Centre for Continuing Education

Latin America History Course: The New World and Five Centuries of Colonialism

History. See the future. It’s in the past.

This Latin American history course looks at the creation of the Americas starting with the 1492 arrival of Columbus. It is a paradigmatic history (a discovery, encounter or invasion) that is fundamental to understanding the formation of the modern world.

This course begins by examining the spectacular indigenous pre-Columbian civilisations (Aztec, Mayan, Incan and others) followed by the European conquest. We will then consider the lasting legacies of colonisation, which is crucial for any comprehension of contemporary Latin America, and of any Western colonial nation.

This course covers the political, ethnic, socio-cultural and economic changes that formed Latin America. We will then look at ways in which indigenous and later African cultures meshed with European cultures in a unique, world-first process of syncretism. Students will have access to revealing primary sources and original documents, and will be shown a wide range of enlightening pictorial and audio-visual material.

Aims

This course aims to expose you to a global historical view by focusing on Latin America, a key region in the world that is relatively unexplored in Australian education. The course aims to expose, through dynamic and multiformat content, the deep history of a contemporary region which has bridged continents and civilisations.

Outcomes

By the end of this course, you should be able to:

  • describe the general trajectory of Latin American history since pre-colonial times until the modern era
  • conduct evaluation and analysis of primary sources and audio-visual material related to Latin American history
  • formulate historical questions related to the creation of Latin America and strive to answer them using argument and evidence
  • think critically about the concepts of “discovery”, “encounter” and “invasion” in relation to the European arrival to the Americas and the ensuing conquest and colonisation
  • identify and analyse the inclusions and relations between indigenous, European, African and mestizo cultures in the formation of Latin America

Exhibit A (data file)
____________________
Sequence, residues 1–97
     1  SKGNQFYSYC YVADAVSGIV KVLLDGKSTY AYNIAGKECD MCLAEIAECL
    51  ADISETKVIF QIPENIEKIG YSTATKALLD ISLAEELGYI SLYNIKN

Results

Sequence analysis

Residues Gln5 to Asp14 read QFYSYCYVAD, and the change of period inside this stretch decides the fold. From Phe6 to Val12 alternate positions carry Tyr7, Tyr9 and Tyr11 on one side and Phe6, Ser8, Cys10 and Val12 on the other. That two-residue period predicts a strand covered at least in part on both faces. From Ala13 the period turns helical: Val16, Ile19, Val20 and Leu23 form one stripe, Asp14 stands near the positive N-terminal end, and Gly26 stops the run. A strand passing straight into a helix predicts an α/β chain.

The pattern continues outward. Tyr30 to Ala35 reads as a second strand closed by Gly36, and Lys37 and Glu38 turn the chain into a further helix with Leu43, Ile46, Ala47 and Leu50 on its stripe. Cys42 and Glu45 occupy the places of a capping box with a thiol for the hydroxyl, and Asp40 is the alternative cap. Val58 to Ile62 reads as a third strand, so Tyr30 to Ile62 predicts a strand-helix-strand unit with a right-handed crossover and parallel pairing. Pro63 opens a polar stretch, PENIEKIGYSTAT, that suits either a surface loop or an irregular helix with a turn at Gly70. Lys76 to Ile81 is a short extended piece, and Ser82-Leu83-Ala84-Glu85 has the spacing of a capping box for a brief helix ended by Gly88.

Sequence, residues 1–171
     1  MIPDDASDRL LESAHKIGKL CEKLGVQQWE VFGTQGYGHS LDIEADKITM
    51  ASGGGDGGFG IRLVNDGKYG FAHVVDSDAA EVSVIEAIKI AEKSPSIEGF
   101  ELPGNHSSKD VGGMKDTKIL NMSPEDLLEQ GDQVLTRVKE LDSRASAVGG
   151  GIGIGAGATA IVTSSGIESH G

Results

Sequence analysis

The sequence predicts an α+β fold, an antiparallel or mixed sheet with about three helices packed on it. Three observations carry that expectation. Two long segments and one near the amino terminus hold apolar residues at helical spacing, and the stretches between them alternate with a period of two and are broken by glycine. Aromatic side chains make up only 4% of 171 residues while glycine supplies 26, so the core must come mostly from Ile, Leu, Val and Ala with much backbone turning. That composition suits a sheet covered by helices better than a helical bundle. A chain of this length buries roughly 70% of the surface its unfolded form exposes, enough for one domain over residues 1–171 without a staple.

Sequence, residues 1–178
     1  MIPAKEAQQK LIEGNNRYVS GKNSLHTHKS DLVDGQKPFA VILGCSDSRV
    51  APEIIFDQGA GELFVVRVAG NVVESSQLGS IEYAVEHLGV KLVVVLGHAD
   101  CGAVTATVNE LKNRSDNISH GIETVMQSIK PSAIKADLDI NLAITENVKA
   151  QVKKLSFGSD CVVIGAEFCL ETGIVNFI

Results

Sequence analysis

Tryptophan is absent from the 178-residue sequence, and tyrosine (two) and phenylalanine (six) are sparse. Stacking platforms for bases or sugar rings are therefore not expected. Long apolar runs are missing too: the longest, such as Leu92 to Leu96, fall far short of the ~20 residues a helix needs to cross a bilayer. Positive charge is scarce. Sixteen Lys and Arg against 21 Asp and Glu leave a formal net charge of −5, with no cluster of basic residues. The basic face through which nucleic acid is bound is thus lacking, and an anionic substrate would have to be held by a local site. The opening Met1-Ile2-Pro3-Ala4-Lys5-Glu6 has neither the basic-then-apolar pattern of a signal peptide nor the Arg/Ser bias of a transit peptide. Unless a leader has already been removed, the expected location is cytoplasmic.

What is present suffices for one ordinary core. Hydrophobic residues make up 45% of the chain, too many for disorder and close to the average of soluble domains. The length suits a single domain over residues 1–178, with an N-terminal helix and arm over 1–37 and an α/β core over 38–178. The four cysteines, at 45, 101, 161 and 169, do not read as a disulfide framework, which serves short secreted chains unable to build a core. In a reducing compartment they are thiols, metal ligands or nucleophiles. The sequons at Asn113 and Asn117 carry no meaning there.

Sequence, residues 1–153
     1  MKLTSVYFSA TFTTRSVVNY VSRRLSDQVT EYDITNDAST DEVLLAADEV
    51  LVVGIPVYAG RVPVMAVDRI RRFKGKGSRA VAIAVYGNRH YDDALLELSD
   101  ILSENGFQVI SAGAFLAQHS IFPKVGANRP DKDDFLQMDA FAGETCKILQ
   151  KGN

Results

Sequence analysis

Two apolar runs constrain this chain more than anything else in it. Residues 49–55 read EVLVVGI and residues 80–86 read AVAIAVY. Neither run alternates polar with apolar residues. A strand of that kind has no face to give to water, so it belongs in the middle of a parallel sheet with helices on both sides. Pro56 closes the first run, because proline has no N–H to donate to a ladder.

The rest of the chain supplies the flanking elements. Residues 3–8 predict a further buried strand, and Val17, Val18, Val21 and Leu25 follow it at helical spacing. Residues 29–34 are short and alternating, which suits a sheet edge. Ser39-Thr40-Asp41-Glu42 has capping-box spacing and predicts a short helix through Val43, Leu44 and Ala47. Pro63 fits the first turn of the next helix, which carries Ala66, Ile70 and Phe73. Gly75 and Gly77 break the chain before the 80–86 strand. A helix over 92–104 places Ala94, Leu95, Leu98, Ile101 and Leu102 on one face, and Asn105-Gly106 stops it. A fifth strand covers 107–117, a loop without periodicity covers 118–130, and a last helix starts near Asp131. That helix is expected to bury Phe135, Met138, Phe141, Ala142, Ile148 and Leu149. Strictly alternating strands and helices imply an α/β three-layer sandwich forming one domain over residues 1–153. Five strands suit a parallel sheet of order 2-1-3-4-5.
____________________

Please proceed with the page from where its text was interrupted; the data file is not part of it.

• identify the main political, social, economic and ethnic factors in the creation and development of modern Latin American nations.

Content

Week 1 – Introduction

Pre-Columbian indigenous civilisations, the first contact in 1492 and the creation of the New World.

Week 2 – Conquest

The end of the Aztec and Inca empires and the subjugation of indigenous civilizations (16th century).

Week 3 – The 'Spiritual Conquest'

The Catholic expansion, syncretism and indigenous identity (16th to 18th centuries).

Week 4 – The invention of slavery

African and Native American enslavement in colonial Brazil, the Caribbean and other regions (16th to 18th centuries).

Week 5 – Colonial Latin American society

The origins of machismo and gender issues, imperial decadence and rebellions against colonialism (17th & 18th Centuries).

Week 6 – Modern Latin America

Independence, the fragmentation of the new subcontinent, and indigenous peoples under modernity (19th to 21st Centuries).

Intended audience

This course is intended for all audiences or anyone interested in world history, Latin America and/or indigenous cultures. This course can benefit students taking Spanish language courses in search of a history and culture class, to gain deeper context for their learning, as well as people who have visited or are planning to visit Latin America.

Delivery style

Lecture/seminar

Materials

All reading material will be made available online before class.

Recommended reading

Burns, E. B. (ed.) 1966. A Documentary History of Brazil, New York: Alfred Knopf.

Chomsky, N. 1993. Year 501: The Conquest continues, London, Verso.

Columbus, C. 1961. Four voyages to the New World. Letters and selected documents, New York, Corinth Books.

Conrad, R. E. (ed.) 1983. Children of God’s fire: A documentary history of black slavery in Brazil, Princeton: Princeton University Press.

Cortés, H. 2001. Letters from Mexico, New Haven, Yale University Press.

De Las Casas, B. 1974. The devastation of the Indies: A brief account, New York, The Seabury Press.

De Las Casas, B. 1992. In Defense of the Indians, DeKalb, Northern Illinois University Press.

Galeano, E. 1985. Memory of Fire. Volume One – Genesis, New York, Pantheon Books.

Galeano, E. 1987. Memory of Fire. Volume Two – Faces and Masks, New York, Pantheon Books.

Katzew, I. 2004. Casta painting: images of race in eighteenth-century Mexico, New Haven, Yale University Press.

Nesbitt, N. (ed.) 2008. The Haitian Revolution, London & New York: Verso.

Poma, H. 1978. Letter to the King. A Picture-History of the Inca Civilisation, London & Sydney, George Allen & Unwin.

Restall, M. & Lane, K. 2011. Latin America in Colonial Times, Cambridge, Cambridge University Press.

Sahagún, F. B. D. 1975. Florentine Codex. General History of the Things of New Spain, Santa Fe, The School of American Research & The University of Utah.

Salomon, F. & SCHWARTZ, S. (eds.) 1999. The Cambridge History of the Native Peoples of the America. Volume 3: South America, Cambridge: Cambridge University Press.

Seed, P. 2001. American Pentimento: The Invention of Indians and the Pursuit of Riches, Minneapolis, University of Minnesota Press.

Staden, H. 1874. The Captivity of Hans Staden of Hesse Among the Wild Tribes of Eastern Brazil, London, The Hakluyt Society.

Stein, S. (ed.) 2012. The Cambridge history of religions in America. Volume I, Pre-Columbian Times to 1790, Cambridge: Cambridge University Press.

Zinn, H. 2012. Howard Zinn Speaks: Collected Speeches 1963-2009, Chicago, Haymarket Books.

Features

  • Expert trainers
  • Central locations
  • Free, expert advice
  • Course materials – yours to keep
  • CCE Statement of Completion